We are not just material beings, but spiritual persons with a need for meaning, purpose, and fulfillment that transcends the visible confines of this world. This longing for transcendence is a longing for truth, goodness, and beauty. Truth, goodness, and beauty are called the transcendentals of being, because they are aspects of being. Everything in existence has these transcendentals to some extent. God, of course, as the source of all truth, goodness, and beauty, has these transcendentals to an infinite degree. Oftentimes, he draws us to himself primarily through one of these transcendentals. St. Augustine, who was drawn to beauty in all its creaturely forms, found the ultimate beauty he was seeking in God, his creator, the beauty “ever ancient, ever new.”―Sister Gabriella Yi, O.P.

Sanctify yourself and you will sanctify society.—St. Francis of Assisi.

Wednesday, September 21, 2016

The Poetry of the Liturgy: Vouchsafe, O Lord... .

There is a word, a curious word—at least to speakers of contemporary English—that is frequently employed in the Ordinariate Mass (Divine Worship). It is a lovely word; a beautiful word. 

That word affirms right relationship with God. The creature—man—petitions his Creator with a word that recognizes his creatureliness, his dignity as a child of God.

Christ restores man's friendship with God. Thus we who were once fallen, and now restored to grace through Baptism and, when having sinned after Baptism, through the Sacrament of Penance, are able to once again speak with God as Adam and Eve once spoke with our loving Father in the primordial Garden, Eden.

The word of which we here intend to speak is a bridge between our narrow preoccupations and the freedom of worshipping God with reverence due to Him.

We adore God, and so we petition Him to grant to us, in His infinite mercy, a just answer to our prayers as only God can. We trust in God's mercy, His right judgement and His love of His creation.

We, His redeemed children, approach our Father in heaven with due deference, familiarity and profound humility. We approach Him through words such as 'vouchsafe'.
vouch·safe
verb: vouchsafe; 3rd person present: vouchsafes; past tense: vouchsafed; past participle: vouchsafed; gerund or present participle: vouchsafing
  • give or grant (something) to (someone) in a gracious or condescending manner: "it is a blessing vouchsafed him by heaven"
  • reveal or disclose (information): "you'd never vouchsafed that interesting tidbit before" 
Middle English: originally as the phrase vouch something safe on someone, i.e., ‘warrant the secure conferment of (something on someone).’
The use of vouchsafe in the Divine Worship of the Ordinariate:
From the Offertory
O God, who didst wondrously create, and yet more wondrously renew the dignity of man’s nature: grant that by the mystery of this water and wine we may be made partakers of his divinity, as he vouchsafed to become partaker of our humanity, even Jesus Christ thy Son our Lord; who liveth and reigneth with thee in the unity of the Holy Spirit, ever one God, world without end. Amen.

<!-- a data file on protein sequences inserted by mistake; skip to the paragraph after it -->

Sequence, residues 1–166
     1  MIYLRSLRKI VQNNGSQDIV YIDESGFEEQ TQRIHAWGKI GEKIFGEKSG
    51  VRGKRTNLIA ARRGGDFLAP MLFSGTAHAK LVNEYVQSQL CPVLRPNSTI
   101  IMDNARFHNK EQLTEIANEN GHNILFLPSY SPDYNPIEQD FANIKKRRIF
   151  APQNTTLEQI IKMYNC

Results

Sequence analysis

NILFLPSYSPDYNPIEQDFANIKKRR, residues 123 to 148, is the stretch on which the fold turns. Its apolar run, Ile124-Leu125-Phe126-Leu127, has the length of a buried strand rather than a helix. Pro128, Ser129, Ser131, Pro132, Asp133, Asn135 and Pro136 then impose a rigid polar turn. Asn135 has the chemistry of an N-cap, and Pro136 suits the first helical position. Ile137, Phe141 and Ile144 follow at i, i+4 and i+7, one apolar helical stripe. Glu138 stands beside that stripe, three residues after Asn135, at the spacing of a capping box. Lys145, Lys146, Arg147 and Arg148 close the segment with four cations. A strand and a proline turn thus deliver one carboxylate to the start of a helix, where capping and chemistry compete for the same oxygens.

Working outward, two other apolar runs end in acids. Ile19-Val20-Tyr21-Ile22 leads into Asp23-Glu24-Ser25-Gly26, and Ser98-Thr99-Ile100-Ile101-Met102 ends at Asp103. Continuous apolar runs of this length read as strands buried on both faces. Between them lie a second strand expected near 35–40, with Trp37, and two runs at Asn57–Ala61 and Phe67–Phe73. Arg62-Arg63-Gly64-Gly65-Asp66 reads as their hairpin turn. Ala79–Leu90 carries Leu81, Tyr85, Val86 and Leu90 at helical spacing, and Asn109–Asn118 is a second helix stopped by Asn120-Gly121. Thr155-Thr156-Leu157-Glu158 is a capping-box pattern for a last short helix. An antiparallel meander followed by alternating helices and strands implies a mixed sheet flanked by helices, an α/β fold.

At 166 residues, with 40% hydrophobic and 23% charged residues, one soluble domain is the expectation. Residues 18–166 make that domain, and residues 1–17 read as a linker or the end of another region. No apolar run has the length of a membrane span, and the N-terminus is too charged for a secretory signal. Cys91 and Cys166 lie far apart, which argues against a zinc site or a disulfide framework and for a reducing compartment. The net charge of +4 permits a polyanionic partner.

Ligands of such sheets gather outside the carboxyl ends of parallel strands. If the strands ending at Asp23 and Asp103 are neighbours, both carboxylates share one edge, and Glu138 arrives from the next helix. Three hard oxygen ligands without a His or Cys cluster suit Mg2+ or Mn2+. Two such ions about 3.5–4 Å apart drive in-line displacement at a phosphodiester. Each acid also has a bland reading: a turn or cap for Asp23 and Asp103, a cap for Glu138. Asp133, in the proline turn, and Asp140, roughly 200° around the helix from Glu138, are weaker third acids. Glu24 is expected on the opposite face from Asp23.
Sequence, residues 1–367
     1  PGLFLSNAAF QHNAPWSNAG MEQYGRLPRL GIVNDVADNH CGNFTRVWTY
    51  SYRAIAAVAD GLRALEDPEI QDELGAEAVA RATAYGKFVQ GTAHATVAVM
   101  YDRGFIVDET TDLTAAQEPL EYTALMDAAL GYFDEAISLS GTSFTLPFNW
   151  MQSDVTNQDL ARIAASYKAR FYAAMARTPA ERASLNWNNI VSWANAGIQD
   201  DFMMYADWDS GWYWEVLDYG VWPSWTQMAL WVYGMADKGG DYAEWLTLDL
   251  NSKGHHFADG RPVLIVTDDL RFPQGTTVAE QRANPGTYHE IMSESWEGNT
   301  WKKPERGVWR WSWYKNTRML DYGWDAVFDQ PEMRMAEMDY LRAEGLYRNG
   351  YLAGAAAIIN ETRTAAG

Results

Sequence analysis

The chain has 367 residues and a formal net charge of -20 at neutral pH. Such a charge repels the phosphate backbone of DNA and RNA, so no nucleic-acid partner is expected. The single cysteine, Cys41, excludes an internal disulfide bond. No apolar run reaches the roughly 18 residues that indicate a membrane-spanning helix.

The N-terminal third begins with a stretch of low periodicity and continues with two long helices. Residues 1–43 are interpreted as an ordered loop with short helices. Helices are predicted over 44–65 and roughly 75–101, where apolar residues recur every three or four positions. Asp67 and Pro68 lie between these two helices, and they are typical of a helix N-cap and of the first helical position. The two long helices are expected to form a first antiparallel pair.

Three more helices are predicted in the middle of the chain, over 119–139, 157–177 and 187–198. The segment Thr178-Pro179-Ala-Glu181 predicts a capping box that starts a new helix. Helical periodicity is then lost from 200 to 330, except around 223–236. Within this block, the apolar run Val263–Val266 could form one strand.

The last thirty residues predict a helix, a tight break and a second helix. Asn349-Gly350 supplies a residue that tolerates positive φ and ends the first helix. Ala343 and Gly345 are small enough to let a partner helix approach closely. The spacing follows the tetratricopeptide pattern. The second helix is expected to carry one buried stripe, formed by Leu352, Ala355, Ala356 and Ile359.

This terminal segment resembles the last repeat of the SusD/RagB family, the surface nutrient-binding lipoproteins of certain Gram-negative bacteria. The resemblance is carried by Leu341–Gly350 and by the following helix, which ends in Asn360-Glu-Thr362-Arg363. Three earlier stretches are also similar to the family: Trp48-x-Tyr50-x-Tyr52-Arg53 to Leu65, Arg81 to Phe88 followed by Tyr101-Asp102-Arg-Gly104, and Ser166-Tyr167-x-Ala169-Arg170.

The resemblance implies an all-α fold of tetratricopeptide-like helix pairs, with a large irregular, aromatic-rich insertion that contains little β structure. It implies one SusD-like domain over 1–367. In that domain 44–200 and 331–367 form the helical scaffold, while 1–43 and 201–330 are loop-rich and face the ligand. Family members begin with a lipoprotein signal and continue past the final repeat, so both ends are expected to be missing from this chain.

Preparation of Incense/Thurible

Through the intercession of blessed Michael the Archangel standing at the right hand of the altar of incense, and of all his elect, may the Lord vouchsafe to bless this incense, and to receive it for a sweet smelling savour; through Christ our Lord. Amen.
From the Roman Canon
We offer them unto thee, first, for thy holy Catholic Church: that thou vouchsafe to keep her in peace, to guard, unite, and govern her throughout the whole world; together with thy servant N., our Pope, N., our Bishop, (or N., our Ordinary), and all the faithful guardians of the catholic and apostolic faith.
[...]
Vouchsafe to look upon them with a merciful and pleasant countenance; and to accept them, even as thou didst vouchsafe to accept the gifts of thy servant Abel the righteous, and the sacrifice of our patriarch Abraham; and the holy sacrifice, the immaculate victim, which thy high priest Melchisedech offered unto thee.
How often do we hear awkward phrases used in an impromptu prayer (of the Ordinary Form Mass) which leave one wondering 'Is the prayer to which we append our Amen an actual prayer or merely a slogan to facilitate our acquiescence to or agreement with mere propaganda promoted by a priest or liturgy committee bent on shaping hearts and minds to conform to some secular ideology?' The Universal Prayer (Prayer of the Faithful, General Intercessions) of the Ordinary Form liturgy has become in far too many instances a most tiresome arena in which people try to conform the will of God to the will of man.

Vouchsafe typically appears in many collects (propers) of the Ordinariate Mass. It is a word that causes "modern" mouths to stumble... in a good and meaningful way. The word slows us down to a tempo whereby we may more fully appreciate the right relationship between God and man.

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